Fernanda Bertini Viégas and Martin Wattenberg of IBM’s Collaborative User Experience research group have devised a less awe-inspiring, but arguably more informative application that visualizes the editing history of Wikipedia pages. The multicoloured graphs of History Flow show at a glance how data has been added or distorted. For its creators, the project ‘wasn’t helped by the rapid accumulation of digital data – it was forced by it.’
A heady cocktail of software makes all this possible: Java, 3d MAX, PHP, MySQL, Google Maps API and various markup languages are combined with database information from GPS feeds, newswires and a host of other sources. What’s a bit odd is to see the results displayed in a gallery. Ben Fry’s letters of genetic code are artfully arrayed to look good hanging on a wall. Information design has traditionally emphasized utility, but this is changing, says Fry. ‘If you’re looking at a piece that’s beautiful, but you find that there’s no functional meaning, the beauty escapes. At the same time, a wholly functional piece might be ignored if it’s not worth looking at.’ These days Fry finds himself getting more work that emphasizes form. But he is wary nonetheless of new dangers. ‘You can make beautiful abstract things from data that are utterly meaningless, yet they seem somehow more important or functional because they’re “data”.’
Bradford Paley agrees: ‘Much of the work I see that gets press is actually unreadable: data in, pretty pictures out, but no way to get the “data” out again’ For him, beauty is neither an alternative to function, nor a bolt-on extra. The two bear a more subtle relation to one another: ‘Beauty is a personal goal, but I believe that it can come from the accurate and comfortable representation of data.’ Young Hyun found it also came out of technical constraints: ‘For example, to use limited display space more efficiently, we chose to twist each level of the rendered graph in a purely algorithmic way by 60 degrees relative to its parent. Beautiful organic forms emerged unexpectedly from this.’
Many scientists and mathematicians would agree. For them, beauty is intrinsic to the fundamental relationships in nature. But when those relationships lie beyond the range of what is truly visible – for example when they describe the expansion of the universe or the behaviour of subatomic particles – there is suddenly a new question as to whether that beauty may be represented visually or must remain strictly abstract. The pioneers of quantum physics disagreed sharply over this, some finding visual images helpful in understanding the weird goings-on at this scale, others insisting that visualizations were deceptive because a familiar image had the power to override the reality.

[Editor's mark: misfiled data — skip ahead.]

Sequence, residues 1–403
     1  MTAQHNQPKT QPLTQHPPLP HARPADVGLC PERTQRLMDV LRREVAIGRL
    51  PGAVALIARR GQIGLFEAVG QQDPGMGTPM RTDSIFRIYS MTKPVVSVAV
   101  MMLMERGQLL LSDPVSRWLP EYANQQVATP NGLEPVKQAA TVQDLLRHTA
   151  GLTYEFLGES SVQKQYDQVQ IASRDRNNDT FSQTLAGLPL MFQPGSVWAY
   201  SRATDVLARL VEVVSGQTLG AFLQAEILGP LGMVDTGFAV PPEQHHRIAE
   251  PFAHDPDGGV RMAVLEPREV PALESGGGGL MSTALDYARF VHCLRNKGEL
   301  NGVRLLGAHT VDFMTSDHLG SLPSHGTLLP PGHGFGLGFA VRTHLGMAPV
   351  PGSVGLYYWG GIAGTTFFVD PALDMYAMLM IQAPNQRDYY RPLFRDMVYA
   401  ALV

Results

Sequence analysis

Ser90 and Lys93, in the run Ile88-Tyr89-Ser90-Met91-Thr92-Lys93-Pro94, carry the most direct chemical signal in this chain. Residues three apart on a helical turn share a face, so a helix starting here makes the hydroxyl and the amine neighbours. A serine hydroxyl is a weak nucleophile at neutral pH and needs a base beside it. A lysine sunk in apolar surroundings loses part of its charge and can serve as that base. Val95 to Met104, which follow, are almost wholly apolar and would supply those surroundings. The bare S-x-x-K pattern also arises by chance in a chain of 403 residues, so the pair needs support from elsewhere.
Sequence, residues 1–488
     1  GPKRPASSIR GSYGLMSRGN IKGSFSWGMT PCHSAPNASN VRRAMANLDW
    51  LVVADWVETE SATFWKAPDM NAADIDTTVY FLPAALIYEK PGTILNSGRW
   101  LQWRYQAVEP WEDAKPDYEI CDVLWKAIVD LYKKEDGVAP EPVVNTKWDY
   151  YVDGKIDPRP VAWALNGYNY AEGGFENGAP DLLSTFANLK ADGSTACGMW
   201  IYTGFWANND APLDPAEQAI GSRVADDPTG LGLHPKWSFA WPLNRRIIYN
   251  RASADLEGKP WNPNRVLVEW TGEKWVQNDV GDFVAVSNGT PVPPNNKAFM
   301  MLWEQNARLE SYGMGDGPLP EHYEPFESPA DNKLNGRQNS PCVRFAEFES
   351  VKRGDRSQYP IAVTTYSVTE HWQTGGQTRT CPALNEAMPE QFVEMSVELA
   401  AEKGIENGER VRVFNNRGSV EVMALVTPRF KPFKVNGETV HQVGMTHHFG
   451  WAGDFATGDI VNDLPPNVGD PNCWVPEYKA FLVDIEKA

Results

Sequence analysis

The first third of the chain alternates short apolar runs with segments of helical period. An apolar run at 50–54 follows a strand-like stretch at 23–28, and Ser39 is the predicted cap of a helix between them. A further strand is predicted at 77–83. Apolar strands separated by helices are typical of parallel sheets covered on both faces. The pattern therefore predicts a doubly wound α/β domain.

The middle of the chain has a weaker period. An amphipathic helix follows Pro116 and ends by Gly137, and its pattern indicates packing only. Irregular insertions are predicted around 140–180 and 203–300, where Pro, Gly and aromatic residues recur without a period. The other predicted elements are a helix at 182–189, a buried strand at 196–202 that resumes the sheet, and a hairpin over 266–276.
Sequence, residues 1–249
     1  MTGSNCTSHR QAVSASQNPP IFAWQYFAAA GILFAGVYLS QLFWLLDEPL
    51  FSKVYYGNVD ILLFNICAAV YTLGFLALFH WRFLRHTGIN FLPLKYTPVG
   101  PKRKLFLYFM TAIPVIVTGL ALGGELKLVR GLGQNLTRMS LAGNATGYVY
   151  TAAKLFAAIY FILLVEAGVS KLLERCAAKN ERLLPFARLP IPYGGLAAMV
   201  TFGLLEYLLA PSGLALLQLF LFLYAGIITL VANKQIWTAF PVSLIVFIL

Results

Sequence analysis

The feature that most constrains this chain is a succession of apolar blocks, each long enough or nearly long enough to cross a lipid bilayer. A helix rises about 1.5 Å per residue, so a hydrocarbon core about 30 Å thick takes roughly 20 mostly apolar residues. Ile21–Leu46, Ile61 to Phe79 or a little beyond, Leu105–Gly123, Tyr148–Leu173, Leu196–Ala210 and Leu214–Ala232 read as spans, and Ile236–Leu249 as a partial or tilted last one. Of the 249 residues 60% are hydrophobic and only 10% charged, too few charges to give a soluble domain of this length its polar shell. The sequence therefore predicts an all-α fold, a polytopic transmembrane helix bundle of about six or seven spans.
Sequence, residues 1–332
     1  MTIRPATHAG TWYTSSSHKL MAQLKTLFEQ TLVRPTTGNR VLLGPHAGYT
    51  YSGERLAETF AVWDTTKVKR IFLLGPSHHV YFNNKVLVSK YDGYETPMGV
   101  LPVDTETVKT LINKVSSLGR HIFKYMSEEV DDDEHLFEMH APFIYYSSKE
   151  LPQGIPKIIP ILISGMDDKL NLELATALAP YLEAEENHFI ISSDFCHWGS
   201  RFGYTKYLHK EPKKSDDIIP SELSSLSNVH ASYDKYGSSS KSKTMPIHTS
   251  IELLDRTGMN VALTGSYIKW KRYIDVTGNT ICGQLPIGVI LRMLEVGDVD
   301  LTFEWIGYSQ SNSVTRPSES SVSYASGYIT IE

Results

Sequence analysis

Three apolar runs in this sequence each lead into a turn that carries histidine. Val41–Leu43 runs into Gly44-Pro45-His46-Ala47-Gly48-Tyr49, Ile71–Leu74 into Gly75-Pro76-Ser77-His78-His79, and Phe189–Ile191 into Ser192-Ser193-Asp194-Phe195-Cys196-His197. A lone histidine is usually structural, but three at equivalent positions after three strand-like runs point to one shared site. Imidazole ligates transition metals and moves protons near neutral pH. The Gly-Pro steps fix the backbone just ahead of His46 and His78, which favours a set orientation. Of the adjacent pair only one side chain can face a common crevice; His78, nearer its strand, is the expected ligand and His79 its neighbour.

One can always argue about beauty of course, and one can argue about functionality too. But what the new visualization seems to share is an immediate graphic legibility – it at least looks to the uninformed glance as if it might be portraying something understandable. This is important. Whether it actually turns out to be understandable – or whether one bothers to try to understand it – is another matter. And whether it turns out to be true in some deep sense may, as in the case of quantum physics, ultimately not matter if meanwhile it is helping people to grasp what is going on. Familiar as we are with ordinary maps, few of us have any great conceptual difficulty with the idea of a ‘map‘ of the internet or the human genome. We’re all visualizers now.
There is nothing new here in a sense. All that’s changed is the extent of the complexity we are required to navigate on a daily basis. After rapid expansion during the reign of Victoria, London must have seemed a chaotic place indeed by 1900, with rival underground railways merely adding to the tangle. But Harry Beck’s schematic Underground map of 1931 suddenly made the city legible. A complex network was not so much simplified (the complexity is still in the map, after all) but distilled into an image so effective that it has become a universal icon for the city itself. The curators of Design and the Elastic Mind believe that stretching our ability to create and appreciate such visualizations can force our evolution so that we are able to understand a more complex world.
This article also appears in the April issue of Creative Review. Design and the Elastic Mind is at the Museum of Modern Art, New York, 24 February–12 May. Hugh Aldersey-Williams’s latest book, Panicology, has just been published by Viking Penguin.